Ted Cruz in: The Endorsements

Ted Cruz

The reader is directed to this correction in the National Review:

An earlier post stated that Ted Cruz’s presidential campaign was set to unveil a series of endorsements from Cruz’s fellow senators. The report was erroneous. As of this writing, the campaign has no pending Senate endorsements to announce.

Ted Cruz’s alarm went off at 5am. He hit the snooze, rolled over, and spoke extemporaneously on the subject of religious liberty until the alarm went off again. Then he got out of bed. He took off his nighttime suit and skipped merrily to the shower. It was Endorsement Day.

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Tea Party wants to repeal 17th amendment

Dog demands bag of M&Ms.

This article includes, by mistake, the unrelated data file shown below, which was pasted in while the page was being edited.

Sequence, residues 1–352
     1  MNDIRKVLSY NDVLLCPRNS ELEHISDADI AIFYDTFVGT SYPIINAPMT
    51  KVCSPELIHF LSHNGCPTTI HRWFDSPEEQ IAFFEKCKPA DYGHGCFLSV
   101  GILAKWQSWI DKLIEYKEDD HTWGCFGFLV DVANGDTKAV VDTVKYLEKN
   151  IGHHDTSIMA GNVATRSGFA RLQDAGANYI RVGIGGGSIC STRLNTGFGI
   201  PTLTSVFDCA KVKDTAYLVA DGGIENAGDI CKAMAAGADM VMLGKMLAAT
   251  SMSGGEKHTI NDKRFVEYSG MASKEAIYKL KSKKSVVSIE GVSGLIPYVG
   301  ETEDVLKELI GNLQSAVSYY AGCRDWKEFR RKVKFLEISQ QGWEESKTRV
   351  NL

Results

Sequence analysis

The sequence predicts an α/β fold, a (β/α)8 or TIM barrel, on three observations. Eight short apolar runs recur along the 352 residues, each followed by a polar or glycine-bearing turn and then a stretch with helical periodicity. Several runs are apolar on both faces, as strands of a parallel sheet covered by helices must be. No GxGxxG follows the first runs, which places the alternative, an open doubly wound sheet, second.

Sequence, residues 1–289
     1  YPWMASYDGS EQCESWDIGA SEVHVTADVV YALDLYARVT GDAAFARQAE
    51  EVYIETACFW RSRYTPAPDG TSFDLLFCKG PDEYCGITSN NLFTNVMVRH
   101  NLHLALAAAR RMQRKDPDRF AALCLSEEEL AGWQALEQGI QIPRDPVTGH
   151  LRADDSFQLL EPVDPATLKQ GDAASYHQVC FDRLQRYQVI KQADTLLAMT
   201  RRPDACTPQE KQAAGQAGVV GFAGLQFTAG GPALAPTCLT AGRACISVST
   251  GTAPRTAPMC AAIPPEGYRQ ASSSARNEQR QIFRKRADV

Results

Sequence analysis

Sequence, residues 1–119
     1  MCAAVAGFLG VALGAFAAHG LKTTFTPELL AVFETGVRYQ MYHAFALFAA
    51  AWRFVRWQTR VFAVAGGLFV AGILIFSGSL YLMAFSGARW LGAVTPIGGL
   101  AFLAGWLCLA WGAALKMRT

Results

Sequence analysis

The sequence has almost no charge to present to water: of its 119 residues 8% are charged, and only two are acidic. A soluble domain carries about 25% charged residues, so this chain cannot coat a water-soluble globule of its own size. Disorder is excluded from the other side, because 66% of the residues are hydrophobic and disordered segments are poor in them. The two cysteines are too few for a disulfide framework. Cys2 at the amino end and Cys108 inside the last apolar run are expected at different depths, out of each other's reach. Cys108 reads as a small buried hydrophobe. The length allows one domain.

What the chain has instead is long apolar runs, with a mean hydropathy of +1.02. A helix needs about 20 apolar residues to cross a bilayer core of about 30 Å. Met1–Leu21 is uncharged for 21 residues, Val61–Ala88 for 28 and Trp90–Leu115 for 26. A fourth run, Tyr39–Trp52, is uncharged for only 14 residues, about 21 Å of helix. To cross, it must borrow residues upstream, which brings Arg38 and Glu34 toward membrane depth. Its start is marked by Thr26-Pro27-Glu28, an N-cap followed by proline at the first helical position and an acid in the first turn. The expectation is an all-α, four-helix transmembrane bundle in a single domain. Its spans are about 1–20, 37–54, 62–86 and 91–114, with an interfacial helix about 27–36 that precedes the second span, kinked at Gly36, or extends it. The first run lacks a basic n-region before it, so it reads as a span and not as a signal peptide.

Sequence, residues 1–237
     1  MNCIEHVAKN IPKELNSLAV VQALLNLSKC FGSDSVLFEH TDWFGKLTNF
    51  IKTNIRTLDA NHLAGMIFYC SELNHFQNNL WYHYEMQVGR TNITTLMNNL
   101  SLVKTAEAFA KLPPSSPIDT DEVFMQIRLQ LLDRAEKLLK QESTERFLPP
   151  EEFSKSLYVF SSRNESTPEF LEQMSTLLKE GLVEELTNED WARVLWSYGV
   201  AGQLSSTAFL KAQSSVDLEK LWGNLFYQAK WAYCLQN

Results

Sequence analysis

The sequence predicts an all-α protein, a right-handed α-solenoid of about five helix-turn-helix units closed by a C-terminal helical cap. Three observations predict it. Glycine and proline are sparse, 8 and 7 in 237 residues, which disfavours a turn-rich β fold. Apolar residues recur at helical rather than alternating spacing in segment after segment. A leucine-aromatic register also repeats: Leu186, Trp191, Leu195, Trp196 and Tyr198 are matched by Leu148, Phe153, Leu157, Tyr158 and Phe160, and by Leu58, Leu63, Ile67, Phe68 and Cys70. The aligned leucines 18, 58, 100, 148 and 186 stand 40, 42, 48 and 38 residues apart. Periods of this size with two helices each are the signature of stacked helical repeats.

As the actual policy agenda of the Tea Party slowly condenses—like fog on a mirror held up to Joe McCarthy’s unconscious mouth—opposition to the 17th amendment is emerging as a bizarrely signature issue. If you’re like me, your visceral position on this matter can best be described as, “the what?” The 17th amendment provides for the direct, popular election of US Senators. Prior to 1913, Senators were chosen by state legislators, on the theory that the higher house of Congress would thereby be made more deliberative and less responsive to the whims of the mob. Ironic that, since at least two Republican congressional candidates swept to primary victories by Tea Party support—Steve Stivers in Ohio and Vaughan Ward in Idaho—have recently changed their position on the issue so as to appear less, um, insane. In the annals of things to say that will endear you to undecided voters, pledging to reduce the number of things they get to vote on ranks low. So we come to our usual Tea Party question: Why?

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